# Falsehoods Programmers Believe About Systems of Measurement

When starting UnitsKit I had many false assumptions about how irregular systems of measurement could be. Even after studying the subject and other existing libraries I was surprised by how many more irregularities I found. Inspired by Patrick McKenzie’s post about ‘Falsehoods Programmers Believe About Names’ I have set out to form a non-complete list of irregulars when working with systems of measurement and converting between them.

- There is more than one variant of the metric system. (MKS vs CGS)
- All base SI units are prefix-less. (The kilogram is the base unit of mass)
- All derived metric units are derived of base SI units. (The liter is based off of decimeters)
- Heterogenous units are of no practical use. (Radar beam height formula uses a constant expressed in nautical miles per foot)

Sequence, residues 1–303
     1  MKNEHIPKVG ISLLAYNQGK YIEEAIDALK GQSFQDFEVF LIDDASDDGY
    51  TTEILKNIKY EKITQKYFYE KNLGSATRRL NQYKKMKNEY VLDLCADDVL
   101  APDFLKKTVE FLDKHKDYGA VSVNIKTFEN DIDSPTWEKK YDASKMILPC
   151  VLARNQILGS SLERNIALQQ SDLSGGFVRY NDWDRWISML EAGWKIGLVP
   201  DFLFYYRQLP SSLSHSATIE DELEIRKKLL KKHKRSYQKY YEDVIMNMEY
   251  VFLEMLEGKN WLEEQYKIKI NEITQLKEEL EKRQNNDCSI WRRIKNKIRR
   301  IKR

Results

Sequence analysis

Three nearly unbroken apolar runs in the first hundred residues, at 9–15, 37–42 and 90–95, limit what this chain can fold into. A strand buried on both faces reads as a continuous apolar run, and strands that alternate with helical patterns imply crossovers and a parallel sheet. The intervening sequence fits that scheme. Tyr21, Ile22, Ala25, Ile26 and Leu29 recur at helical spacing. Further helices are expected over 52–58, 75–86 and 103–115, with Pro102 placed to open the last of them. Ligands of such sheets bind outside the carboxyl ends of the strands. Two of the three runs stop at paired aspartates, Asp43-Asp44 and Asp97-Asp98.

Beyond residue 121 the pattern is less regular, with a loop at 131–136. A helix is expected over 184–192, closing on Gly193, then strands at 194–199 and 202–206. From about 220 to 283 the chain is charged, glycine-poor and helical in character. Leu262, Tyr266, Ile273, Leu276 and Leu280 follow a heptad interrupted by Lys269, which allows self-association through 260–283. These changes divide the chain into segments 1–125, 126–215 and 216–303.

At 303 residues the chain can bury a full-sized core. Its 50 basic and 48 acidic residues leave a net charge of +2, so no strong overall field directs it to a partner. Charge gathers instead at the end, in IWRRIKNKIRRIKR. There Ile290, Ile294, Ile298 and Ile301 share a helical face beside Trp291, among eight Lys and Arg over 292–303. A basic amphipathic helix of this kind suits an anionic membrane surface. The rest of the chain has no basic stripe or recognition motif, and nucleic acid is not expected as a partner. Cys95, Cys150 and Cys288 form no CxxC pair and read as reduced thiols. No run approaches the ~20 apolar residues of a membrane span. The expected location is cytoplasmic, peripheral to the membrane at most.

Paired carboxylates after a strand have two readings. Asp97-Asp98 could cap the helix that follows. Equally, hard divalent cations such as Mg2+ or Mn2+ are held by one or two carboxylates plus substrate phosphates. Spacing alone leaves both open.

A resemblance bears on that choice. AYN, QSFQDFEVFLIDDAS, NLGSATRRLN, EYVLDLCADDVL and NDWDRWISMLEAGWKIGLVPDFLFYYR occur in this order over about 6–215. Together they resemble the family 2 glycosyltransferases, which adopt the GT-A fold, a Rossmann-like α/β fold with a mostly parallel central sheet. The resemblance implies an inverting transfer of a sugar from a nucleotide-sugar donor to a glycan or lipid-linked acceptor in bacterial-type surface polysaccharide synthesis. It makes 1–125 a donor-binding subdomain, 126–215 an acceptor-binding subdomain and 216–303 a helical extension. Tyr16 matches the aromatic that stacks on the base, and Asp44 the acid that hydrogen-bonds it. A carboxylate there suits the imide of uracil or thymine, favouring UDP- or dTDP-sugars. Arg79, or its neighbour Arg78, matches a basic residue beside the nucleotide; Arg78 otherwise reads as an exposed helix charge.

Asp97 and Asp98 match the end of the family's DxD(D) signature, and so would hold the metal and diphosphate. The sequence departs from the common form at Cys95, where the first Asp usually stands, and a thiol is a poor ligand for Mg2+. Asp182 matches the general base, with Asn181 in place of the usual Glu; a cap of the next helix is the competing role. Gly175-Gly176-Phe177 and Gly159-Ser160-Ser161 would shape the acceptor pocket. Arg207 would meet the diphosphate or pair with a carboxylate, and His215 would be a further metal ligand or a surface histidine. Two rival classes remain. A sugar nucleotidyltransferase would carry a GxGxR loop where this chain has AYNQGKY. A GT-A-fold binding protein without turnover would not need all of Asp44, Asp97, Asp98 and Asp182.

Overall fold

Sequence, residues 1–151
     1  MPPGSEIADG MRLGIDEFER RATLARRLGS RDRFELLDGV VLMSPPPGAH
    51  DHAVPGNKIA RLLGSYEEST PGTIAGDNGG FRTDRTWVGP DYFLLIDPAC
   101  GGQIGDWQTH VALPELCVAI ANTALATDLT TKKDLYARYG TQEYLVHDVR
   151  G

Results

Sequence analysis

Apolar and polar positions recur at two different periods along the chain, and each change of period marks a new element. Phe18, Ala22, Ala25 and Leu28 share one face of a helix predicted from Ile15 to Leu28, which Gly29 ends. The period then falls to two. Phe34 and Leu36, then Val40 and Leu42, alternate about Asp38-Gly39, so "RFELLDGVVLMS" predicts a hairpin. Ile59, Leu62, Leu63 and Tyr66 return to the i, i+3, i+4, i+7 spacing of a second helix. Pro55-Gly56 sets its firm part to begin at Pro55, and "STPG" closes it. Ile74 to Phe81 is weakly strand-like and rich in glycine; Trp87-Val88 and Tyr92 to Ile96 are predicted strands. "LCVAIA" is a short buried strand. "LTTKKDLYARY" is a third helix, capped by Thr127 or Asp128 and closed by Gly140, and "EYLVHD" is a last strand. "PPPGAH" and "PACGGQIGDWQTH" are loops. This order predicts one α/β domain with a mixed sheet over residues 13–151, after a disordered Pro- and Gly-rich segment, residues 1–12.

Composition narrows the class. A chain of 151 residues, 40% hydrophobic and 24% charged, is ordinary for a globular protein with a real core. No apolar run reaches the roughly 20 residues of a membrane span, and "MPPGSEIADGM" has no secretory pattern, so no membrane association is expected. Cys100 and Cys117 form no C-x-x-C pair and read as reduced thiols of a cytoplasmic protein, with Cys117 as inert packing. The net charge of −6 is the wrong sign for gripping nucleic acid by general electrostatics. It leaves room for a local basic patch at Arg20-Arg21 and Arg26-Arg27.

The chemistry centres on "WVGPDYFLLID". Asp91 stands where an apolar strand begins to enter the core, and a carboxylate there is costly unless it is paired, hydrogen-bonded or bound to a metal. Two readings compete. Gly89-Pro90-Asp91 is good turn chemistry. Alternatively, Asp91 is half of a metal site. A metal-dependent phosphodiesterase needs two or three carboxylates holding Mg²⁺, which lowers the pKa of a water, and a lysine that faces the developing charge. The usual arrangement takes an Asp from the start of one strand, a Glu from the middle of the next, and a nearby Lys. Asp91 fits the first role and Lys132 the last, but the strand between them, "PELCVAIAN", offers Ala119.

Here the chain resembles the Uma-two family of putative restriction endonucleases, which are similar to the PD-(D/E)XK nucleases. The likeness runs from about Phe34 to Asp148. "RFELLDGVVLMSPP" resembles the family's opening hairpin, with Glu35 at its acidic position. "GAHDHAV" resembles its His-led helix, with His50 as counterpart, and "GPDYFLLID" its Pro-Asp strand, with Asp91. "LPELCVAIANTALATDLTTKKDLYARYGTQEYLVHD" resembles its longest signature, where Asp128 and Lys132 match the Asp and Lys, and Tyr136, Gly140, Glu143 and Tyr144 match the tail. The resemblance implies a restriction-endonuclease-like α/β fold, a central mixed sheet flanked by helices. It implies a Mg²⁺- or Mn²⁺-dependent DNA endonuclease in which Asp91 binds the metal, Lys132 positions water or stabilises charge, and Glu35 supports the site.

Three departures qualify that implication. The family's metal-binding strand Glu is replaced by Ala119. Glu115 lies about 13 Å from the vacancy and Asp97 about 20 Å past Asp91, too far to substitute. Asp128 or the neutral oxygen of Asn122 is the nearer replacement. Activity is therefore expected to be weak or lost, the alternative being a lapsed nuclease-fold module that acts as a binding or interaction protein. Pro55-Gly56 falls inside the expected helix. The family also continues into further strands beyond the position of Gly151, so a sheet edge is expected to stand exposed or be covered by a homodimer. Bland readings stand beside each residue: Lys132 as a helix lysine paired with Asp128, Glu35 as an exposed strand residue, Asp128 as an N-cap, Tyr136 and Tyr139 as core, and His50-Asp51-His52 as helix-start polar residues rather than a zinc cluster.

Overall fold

- Fractional dimensions are of no practical use. (Radar beam height formula uses a constant expressed in nautical miles per foot^(1/2))
- Non-metric systems have base units as well.
- Just as liters has decimeters so that it doesn’t need a numerical proportionality constant, pints has
`yardsInOneDimensionOfAPint`

. (I made up my own unit for this, a little more than 11 of them fit in a yard). - A gallon is treated much like a liter in their respective systems of measure. (Liter is not an official SI unit but a gallon is an official Imperial unit).
- All base units are made of base dimensions. (The gallon ‘base’ unit is made of the derived volume dimension)
- A gallon is a gallon is a gallon. (Did you mean a liquid or dry gallon, US, Imperial, or a ten-gallon hat?)
- Written out unit names are not case-sensitive (Calorie vs. calorie)
- Base units always reduce to the same derived units. (Did you mean a Joule or a Newton meter? You might know but then you have to keep track of plane and solid angle units.)
- Written out base units should always be presented in the same order (Are capital symbols, units with positive exponents, or length dimension units first?)
- There is no need to differentiate between absolute and relative measurements. (Kelvin and Fahrenheit)
- Derived unit symbols are represented the same way across systems of measure (mph vs km/h)
- All units accepted for use with the SI are base ten (the hour and minute are base 60, Sexagesimal, blame the moon)
- You will never have any namespace issues. (Is that h an hour or the Planck constant?